• Working during periods of organizational change (e.g., strikes, restructuring, downsizing);
  • Working in specific healthcare departments (e.g., emergency, psychiatric);
  • Organizations with hierarchical management structures;
  • Geographic location of the workplace (e.g., areas that are isolated from other buildings or in places with known crime); and
  • The extent to which employees are overworked (e.g., burnout).

 

Recent evidence suggests that nurses may be at increased risk over other professions, as well as those who are younger. Males tend to more often be at risk of physical violence while females tend to be at increased risk of verbal abuse. Mental health nurses have a three-fold risk of being the victims of violence as compared with nurses working in other healthcare sectors. The risk of violence may be greater at certain times of the day, night or year; for example:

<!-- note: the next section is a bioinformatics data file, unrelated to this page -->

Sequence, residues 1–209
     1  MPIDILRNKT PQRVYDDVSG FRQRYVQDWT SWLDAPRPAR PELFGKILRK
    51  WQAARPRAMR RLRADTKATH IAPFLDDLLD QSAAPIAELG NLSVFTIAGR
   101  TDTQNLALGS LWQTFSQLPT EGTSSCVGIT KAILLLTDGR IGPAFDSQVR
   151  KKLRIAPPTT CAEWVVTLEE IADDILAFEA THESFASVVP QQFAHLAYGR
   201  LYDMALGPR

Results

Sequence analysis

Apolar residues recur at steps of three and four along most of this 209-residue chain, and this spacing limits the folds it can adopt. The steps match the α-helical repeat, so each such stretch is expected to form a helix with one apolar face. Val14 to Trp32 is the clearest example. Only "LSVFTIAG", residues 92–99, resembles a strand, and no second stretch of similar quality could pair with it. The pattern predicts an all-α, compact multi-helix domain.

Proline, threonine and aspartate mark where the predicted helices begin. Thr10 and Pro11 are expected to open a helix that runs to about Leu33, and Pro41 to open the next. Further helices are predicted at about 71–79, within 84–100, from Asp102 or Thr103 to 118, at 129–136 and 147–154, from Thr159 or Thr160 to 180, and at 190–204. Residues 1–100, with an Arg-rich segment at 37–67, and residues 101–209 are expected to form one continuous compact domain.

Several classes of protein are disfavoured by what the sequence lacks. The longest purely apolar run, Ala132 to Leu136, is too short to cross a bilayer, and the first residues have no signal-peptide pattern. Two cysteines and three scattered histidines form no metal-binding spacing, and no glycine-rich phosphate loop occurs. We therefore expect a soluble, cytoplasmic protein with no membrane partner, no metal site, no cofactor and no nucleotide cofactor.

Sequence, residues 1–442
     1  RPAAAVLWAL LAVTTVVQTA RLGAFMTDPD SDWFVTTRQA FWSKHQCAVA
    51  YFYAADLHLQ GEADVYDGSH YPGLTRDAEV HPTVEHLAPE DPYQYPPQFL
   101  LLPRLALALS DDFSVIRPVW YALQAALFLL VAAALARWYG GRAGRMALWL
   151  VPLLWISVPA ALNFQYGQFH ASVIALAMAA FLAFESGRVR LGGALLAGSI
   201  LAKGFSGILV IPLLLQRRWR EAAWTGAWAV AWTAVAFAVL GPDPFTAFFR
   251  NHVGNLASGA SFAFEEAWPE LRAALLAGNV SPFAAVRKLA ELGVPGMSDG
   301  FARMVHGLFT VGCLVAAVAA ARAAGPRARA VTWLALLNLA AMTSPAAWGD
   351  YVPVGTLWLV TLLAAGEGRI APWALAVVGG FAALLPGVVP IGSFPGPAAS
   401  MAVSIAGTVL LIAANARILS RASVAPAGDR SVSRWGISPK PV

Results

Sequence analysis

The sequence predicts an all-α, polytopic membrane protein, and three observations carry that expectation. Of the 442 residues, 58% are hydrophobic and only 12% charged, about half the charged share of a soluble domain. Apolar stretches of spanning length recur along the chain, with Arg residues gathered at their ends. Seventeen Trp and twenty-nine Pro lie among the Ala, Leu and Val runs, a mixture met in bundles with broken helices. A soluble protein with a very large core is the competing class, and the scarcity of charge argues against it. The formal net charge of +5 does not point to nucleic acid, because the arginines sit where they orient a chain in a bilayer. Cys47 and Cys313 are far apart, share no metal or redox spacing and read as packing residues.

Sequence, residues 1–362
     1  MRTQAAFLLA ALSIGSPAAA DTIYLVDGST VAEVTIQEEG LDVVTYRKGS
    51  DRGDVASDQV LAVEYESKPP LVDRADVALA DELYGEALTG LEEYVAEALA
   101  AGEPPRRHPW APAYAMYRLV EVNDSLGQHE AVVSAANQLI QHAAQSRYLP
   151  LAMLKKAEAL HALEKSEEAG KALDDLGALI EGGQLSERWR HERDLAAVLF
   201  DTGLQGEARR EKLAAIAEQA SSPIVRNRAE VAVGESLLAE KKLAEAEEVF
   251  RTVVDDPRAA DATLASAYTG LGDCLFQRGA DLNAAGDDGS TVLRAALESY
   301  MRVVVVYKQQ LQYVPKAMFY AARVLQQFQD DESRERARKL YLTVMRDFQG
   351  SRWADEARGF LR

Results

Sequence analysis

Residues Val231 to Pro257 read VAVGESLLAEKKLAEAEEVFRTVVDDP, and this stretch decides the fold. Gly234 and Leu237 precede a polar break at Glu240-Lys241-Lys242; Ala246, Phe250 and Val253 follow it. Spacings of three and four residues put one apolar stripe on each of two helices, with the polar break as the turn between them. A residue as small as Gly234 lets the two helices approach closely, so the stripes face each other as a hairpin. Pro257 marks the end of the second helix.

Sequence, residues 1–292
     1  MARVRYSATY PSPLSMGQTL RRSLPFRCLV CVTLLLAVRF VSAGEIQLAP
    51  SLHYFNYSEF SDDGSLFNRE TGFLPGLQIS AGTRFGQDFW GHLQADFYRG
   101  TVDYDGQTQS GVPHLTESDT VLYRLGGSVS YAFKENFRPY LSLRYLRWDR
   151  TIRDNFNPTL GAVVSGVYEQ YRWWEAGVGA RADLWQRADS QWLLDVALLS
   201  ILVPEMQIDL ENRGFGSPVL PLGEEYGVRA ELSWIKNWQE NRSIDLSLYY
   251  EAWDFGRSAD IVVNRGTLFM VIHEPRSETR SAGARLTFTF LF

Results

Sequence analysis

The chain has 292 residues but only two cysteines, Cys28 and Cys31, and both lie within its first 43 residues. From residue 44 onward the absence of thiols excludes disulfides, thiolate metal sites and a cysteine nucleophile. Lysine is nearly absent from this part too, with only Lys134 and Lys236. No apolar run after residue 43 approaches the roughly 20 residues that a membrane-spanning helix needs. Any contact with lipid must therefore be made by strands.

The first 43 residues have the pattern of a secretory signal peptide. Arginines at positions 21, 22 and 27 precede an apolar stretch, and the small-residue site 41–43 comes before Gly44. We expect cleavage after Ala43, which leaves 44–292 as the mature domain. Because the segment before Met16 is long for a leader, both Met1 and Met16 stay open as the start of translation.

• Late hours of the night or early hours of the morning
  • During holidays
  • Pay days
  • Performance appraisals

 

Prevention Strategies

It is critical that all personnel and associated organizations (e.g., unions, staff associations, professional groups) within the healthcare workplace be committed to, and involved in developing a workplace violence prevention program. Senior leadership support is a key factor in ensuring that the program is successful. Written policies are important, but must be supported by a culture that encourages open dialogue and incident reporting with zero tolerance for abusive behaviour. Preventive strategies fall into three major categories: